Ó Cúiv steps down

Fri, Mar 2, 2012, 00:00

Sir, –It would appear the de Valeras have difficulty with treaties! – Yours, etc,


Mount Merrion, Co Dublin.

Sir, – Surely the most interesting thing about Fianna Fáil today is that Éamon Ó Cuív has not lost the party whip because Micheál Martin (and the remainder of the Fianna Fáil parliamentary party) surely realise that without him they would no longer be the largest Opposition party and will, presumably, have to cede their current benches in Dáil Éireann to Sinn Féin.

The Soldiers of Destiny are still clinging by their fingertips to the remnants of their power base. Sadly, the more things change, the more they remain the same. – Yours, etc,


Pimlico, Dublin 8.

Sir, – It is beyond belief that a man who was a Cabinet member in the government that reduced our nation to penury is now claiming he is leaving the party “on moral grounds”. How hypocritical can anyone be? – Yours, etc,


Linden Avenue, Cork.

Sir, – From what I have seen so far, the difference between Micheál Martin and Éamon Ó Cuív is strategy and not policy. Policy is set out in Mr Martin’s keynote speech at the Institute of International and European Affairs and is available on the Fianna Fáil website.

In terms of strategy, the leader has the prerogative. The economy features strongly on the agenda for the ardfheis at the weekend as does Ireland and the EU – the theme of the keynote address. Apart from the previously announced commitment to Europe and a Yes vote, strategy has not yet been communicated and I imagine it will be high in people’s minds. It’s hinted at in the keynote speech and ironically very close to what Mr Ó Cuív is saying.Over the weekend, I expect thousands of members will be bringing themselves up to speed and taking the opportunity to express both emotion and perception. Personally, I am very much looking forward to it. – Yours, etc,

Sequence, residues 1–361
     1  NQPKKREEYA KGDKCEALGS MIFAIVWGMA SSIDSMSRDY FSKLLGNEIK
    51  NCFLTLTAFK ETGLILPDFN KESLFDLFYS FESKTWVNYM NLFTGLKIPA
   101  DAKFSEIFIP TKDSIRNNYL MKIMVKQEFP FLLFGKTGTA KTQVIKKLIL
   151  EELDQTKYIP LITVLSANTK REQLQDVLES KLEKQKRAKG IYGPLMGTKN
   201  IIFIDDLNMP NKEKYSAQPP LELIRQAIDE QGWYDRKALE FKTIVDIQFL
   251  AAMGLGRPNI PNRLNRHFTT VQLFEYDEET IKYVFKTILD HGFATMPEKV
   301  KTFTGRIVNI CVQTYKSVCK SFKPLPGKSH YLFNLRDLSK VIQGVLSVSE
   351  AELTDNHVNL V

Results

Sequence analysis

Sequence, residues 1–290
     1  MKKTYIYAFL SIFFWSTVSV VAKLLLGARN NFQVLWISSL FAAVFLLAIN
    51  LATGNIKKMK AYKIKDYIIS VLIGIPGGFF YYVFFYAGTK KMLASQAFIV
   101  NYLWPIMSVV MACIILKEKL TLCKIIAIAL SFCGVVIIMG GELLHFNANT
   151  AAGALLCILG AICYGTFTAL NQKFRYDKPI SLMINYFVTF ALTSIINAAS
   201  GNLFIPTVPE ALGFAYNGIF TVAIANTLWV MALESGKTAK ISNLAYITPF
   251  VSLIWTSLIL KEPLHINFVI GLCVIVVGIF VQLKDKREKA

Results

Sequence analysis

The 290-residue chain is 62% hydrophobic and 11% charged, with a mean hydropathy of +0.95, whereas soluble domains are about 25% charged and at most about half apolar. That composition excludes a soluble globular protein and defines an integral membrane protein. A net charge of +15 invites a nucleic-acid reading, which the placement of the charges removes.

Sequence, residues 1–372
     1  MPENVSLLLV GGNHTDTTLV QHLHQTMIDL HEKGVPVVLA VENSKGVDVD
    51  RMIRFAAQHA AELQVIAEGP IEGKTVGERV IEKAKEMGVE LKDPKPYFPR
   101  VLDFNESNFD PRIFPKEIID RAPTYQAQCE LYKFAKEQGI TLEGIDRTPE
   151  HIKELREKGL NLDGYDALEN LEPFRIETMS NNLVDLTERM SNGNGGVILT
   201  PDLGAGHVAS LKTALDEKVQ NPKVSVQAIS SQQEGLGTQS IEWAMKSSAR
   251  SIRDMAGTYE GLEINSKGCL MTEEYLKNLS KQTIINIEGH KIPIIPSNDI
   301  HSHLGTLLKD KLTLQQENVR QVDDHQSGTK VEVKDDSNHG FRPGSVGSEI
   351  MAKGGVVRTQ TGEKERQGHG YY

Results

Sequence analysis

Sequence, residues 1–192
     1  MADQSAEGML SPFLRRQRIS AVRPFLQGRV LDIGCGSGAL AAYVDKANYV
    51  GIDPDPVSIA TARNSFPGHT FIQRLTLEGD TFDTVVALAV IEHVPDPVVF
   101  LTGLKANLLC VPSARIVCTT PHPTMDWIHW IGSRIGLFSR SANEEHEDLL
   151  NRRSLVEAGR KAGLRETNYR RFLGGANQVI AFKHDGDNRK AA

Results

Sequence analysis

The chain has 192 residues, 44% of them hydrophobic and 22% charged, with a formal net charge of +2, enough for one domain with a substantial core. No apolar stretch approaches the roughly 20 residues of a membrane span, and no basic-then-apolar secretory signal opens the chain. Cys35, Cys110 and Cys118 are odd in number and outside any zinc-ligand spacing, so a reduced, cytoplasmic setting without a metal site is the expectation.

Weston Avenue,


Co Dublin.

A chara, – The interest in Éamon Ó Cuív’s resignation from Fianna Fáil’s frontbench is surely prompted more by the symbolism of a “de Valera” breaking the traditional party ranks rather than by Ó Cuív’s stance on the proposed fiscal treaty referendum? Either way it begs two questions: why does anybody care what happens in that inconsequential rump of party any more? And, second, who does Mr Ó Cuív think he is codding?

Mr Ó Cuív has been a consistent opponent of EU treaty measures, whose purpose at developing EU integration, if not consistently blockaded, diluted and frustrated by his likes, would most certainly have provided some protection to the Irish taxpayer in times of economic crisis. Instead, we are being burned against a background of a flawed fiscal union, which resulted from appeasing opponents of integration (people who would rather have us jiving at cross-roads and clinging on to ridiculous outmoded notions of nationalism).

If the nay-sayers to the current proposals are looking for a scapegoat for their anger, they need look no further than the likes of Mr Ó Cuív, but at this juncture it would be nothing less for Ireland than a “historic opportunity” at shooting itself in the two feet to follow his example. – Is mise,



Calle Andreas Mellado,



Sir, – So, Young Dev has finally kicked the euro toys out of the Fianna Fáil pram. I don’t suppose it would have anything to do with the huff he has been in ever since his boss scuppered his rather slim chance of becoming president? – Yours, etc,


Harbour View,


A chara, – For Enda Kenny to sign the fiscal treaty before the referendum is even held dramatically weakens our negotiation position, na habair air an masla don phobal.

For Micheál Martin to condone this behaviour and to meekly agree to unconditionally support the Government stance is pathetic.

Maith thú Ui Cuív as ocht do seasamh ar shon an fíor slí Fianna Fáil is ar shon an Phoblacht.

It is to be hoped that at the ardfheis the different opinions on the European treaty will allowed a fair hearing and a democratic vote taken. The PR spin is that this will be a fair, open and democratic gathering to revitalise the party. But the “top table” does not have a good track record in handling dissent. There should be no historic echoing cries of “You can have Ó Cuív but you can’t have Fianna Fail!” when Éamon and other like-minded members are speaking. – Is mise,



Port Lairge.